The site has a guide service as well as information panels for self-guided visits. Immediately outside the site, a full-scale replica of an Iberian house has been reconstructed using the appropriate materials and techniques.[38][39][40][41] In addition, many of the items recovered from La Bastida can be seen at the Valencian Museum of Prehistory.[1]

Citations[edit]

  1. ^ Bonet, Grau & Vives-Ferrándiz 2015, p. 259.
  2. ^ a b Bonet & Vives-Ferrándiz 2011b, p. 63.
  3. ^ Ballestar & Pericot 1929.
  4. ^ Fletcher, Pla & Alcàcer 1965.
  5. ^ Fletcher, Pla & Alcàcer 1969.
  6. ^ Bonet 2011, p. 14.
  7. ^ Díes et al. 1997.
  8. ^ Díes & Bonet 1996.
  9. ^ Bonet, Vives-Ferrándiz & Caruana 2005.
  10. ^ Bonet & Vives-Ferrándiz 2011b, p. 78-9.
  11. ^ Bonet & Vives-Ferrándiz 2011b, p. 80-1.
  12. ^ a b Bonet & Vives-Ferrándiz 2011b, p. 64.
  13. ^ a b Bonet & Vives-Ferrándiz 2011b, p. 83.
  14. ^ Bonet & Vives-Ferrándiz 2011b, p. 85.
  15. ^ Bonet & Vives-Ferrándiz 2011b, p. 84.
  16. ^ Bonet & Vives-Ferrándiz 2011b, p. 91.
  17. ^ Bonet, Soria & Vives-Ferrándiz 2011, p. 139-40.
  18. ^ Bonet & Vives-Ferrándiz 2011b, p. 93.
  19. ^ Bonet, Soria & Vives-Ferrándiz 2011, p. 145.
  20. ^ Pérez, Ferrer & Iborra 2011, p. 95-8.
  21. ^ Pérez, Ferrer & Iborra 2011, p. 98-102.
  22. ^ Pérez, Ferrer & Iborra 2011, p. 111-2.
  23. ^ Pérez, Ferrer & Iborra 2011, p. 112.
  24. ^ Ferrer 2011, p. 46.
  25. ^ Álvarez & Vives-Ferrándiz 2011, p. 190-4.
  26. ^ Álvarez & Vives-Ferrándiz 2011, p. 189.
  27. ^ de Hoz 2011, p. 232-4.
  28. ^ de Hoz 2011, p. 223.
  29. ^ Álvarez & Vives-Ferrándiz 2011, p. 180-5.
  30. ^ Bonet, Soria & Vives-Ferrándiz 2011, p. 155, 164.
  31. ^ Bonet, Soria & Vives-Ferrándiz 2011, p. 123, 174.
  32. ^ Vives-Ferrándiz, Bonet & Carrión 2015.
  33. ^ Bonet, Grau & Vives-Ferrándiz 2015, p. 260.
  34. ^ Bonet, Soria & Vives-Ferrándiz 2011, p. 159, 163.
  35. ^ Bonet & Vives-Ferrándiz 2011a, p. 254.
  36. ^ Bonet & Vives-Ferrándiz 2011a, p. 255.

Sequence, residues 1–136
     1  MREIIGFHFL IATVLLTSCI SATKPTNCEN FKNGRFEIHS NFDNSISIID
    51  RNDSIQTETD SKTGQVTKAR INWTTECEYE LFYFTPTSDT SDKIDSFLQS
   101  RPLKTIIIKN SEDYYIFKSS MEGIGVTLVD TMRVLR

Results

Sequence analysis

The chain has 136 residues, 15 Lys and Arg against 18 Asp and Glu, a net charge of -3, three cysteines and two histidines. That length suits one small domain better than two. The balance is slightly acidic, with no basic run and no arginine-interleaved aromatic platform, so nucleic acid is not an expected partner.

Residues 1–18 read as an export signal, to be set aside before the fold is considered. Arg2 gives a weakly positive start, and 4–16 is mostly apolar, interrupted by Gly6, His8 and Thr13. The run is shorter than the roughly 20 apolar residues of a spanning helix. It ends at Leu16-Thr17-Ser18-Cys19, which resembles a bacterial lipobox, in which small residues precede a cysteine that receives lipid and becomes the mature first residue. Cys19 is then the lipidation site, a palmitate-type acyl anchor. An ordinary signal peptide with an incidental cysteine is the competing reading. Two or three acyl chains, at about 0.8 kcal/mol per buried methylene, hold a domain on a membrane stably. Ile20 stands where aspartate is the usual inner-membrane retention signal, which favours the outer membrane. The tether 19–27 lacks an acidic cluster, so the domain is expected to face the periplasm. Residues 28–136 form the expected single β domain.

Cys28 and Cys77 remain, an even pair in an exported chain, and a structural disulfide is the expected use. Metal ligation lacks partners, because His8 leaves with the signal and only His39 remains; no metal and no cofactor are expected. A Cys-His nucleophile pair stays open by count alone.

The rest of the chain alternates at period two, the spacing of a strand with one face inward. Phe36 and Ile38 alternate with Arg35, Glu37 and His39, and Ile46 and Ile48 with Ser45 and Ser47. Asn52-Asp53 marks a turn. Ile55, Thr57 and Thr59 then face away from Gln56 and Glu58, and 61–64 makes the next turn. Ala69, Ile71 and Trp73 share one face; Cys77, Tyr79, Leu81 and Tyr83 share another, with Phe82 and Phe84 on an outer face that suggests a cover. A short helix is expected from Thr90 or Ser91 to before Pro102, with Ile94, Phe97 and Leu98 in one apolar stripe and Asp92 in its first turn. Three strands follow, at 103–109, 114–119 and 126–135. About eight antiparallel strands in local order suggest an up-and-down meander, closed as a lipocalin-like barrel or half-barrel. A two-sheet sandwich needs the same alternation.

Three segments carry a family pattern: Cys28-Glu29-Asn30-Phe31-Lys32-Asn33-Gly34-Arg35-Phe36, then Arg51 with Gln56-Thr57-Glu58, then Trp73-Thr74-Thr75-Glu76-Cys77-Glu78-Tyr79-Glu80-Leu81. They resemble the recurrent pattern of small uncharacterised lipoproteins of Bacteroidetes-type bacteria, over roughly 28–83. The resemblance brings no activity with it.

37. ^ "Ruta Íberos". www.museuprehistoriavalencia.com. Retrieved 2016-03-01.
  38. ^ Bonet, Díes & Rubio 2000.
  39. ^ Bonet, Díes & Rubio 2001.
  40. ^ Ripollès & Fortea 2004.
  41. ^ Bonet, Izquierdo & Mata 2007.

References[edit]

  • Álvarez, Nuria; Vives-Ferrándiz, Jaime (2011), "De allí y de aquí: Los intercambios y el comercio", in Bonet, Helena; Vives-Ferrándiz, Jaime, La Bastida de les Alcusses: 1928-2010, Museu de Prehistòria de València, pp. 177–95
  • Ballester, Isidro; Pericot, Luis (1929), "La Bastida de les Alcusses (Mogente)", Archivo de Prehistoria Levantina, 1: 179–213
  • Bonet, Helena (2011), "De los "primeros golpes de azadón" al museo al aire libre", in Bonet, Helena; Vives-Ferrándiz, Jaime, La Bastida de les Alcusses: 1928-2010, Museu de Prehistòria de València, pp. 10–29
  • Bonet, Helena; Díes, E.; Rubio, F. (2000), "Proyecto de área didáctica y de investigación arquitectónica. La reconstrucción de una casa ibérica en la Bastida de les Alcusses (Mogente, Valencia)", III Reunión sobre economía en el Món Ibéric, Saguntum extra-3, Valencia, pp. 431–439
  • Bonet, Helena; Díes, E.; Rubio, F. (2001), "La reconstrucción de una casa ibérica en la Bastida de les Alcusses", I Reunió Internacional d´Arqueologia de Calafell, Barcelona, pp. 75–93
  • Bonet, Helena; Grau, Ignacio; Vives-Ferrándiz, Jaime (2015), "Estructura social y poder en las comunidades ibéricas de la franja central mediterránea", in Belarte, Carme; Garcia, Dominique; Sanmartí, Joan, Les estructures socials protohistòriques a la Gàl·lia i a Ibèria: Homenatge a Aurora Martín i Enriqueta Pons, Arqueo Mediterránea, pp. 251–272
  • Bonet, Helena; Izquierdo, I.; Mata, Consuelo; Vives-Ferrándiz, Jaime (2007), "De pesos y capacidades. Una experiencia en la Bastida de les Alcusses (Mogente, Valencia)", in Ramos, M.L.; González, J.E.; Baena, J., Arqueología Experimental en la Península Ibérica: Investigación, didáctica y patrimonio, Santander: Asociación española de arqueología experimental, pp. 283–290